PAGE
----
Years ago the discarded and the hysterical were placed in asylums, forced to submit to electroshock therapy, lobotomy, treatments that dulled and warped memory. The doctors had believed that was all it took to heal, a manipulated erasure of the past. But the asylums had all been closed, and she knew the mansion wasn’t that, wasn’t even a place, as she knew places to exist. The mind had its own methods of eliminating memory, a check valve thrown to prevent its flow like water through a pipe. Even now, sitting on the chaise, listening to the Gulf, as distant and subtle as the sound in a cowrie shell, she could only recall scattered moments of their life together. He continued to watch her, lifting his drink to his mouth.
She wondered if he wanted a profession of love. But she wouldn’t give that up to him. Hadn’t she already given everything else he’d wanted? She remembered the sex the night before, a sadly sweet mortification. He stood up to return to the house, and she imagined that once she might have prostrated herself in front of him, grabbed his slacks in her hands and held him there, but she found she couldn’t rouse herself from the lounge.
“You should go home to the children,” he said.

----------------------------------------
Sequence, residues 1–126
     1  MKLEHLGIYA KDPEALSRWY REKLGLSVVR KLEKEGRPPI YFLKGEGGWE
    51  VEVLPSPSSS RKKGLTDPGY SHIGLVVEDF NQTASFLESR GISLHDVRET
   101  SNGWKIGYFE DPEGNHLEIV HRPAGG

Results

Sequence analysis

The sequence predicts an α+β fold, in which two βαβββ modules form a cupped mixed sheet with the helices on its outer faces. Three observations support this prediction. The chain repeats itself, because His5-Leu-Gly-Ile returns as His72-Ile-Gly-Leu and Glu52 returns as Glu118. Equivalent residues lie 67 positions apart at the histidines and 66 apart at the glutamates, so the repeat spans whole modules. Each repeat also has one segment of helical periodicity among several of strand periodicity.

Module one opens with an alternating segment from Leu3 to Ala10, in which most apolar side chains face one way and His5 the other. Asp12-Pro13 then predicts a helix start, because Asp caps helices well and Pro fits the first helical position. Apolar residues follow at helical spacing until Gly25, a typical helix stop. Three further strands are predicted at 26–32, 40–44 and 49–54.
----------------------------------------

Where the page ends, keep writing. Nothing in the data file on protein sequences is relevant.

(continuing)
She glanced up at him. She understood that the strange place she’d stepped into had slowly revealed itself as a grid of the familiar. The shopping district and the causeway over blue water were places she’d known once. As the refugees ventured from the mansion, perhaps they found a summer street shaded by elms, or a subway tunnel and scaffolding erected around stone buildings; people whose presence prodded them to remember who they were, what they’d done. He hadn’t yet remembered all of it. She felt a giddy sense of power knowing what he did not, the same feeling she’d had that morning in the stucco house when she’d prepared the girls’ breakfast, urged them to eat, to drink from their little cups. The youngest had complained of the bitter taste of the pills she’d ground up in the eggs.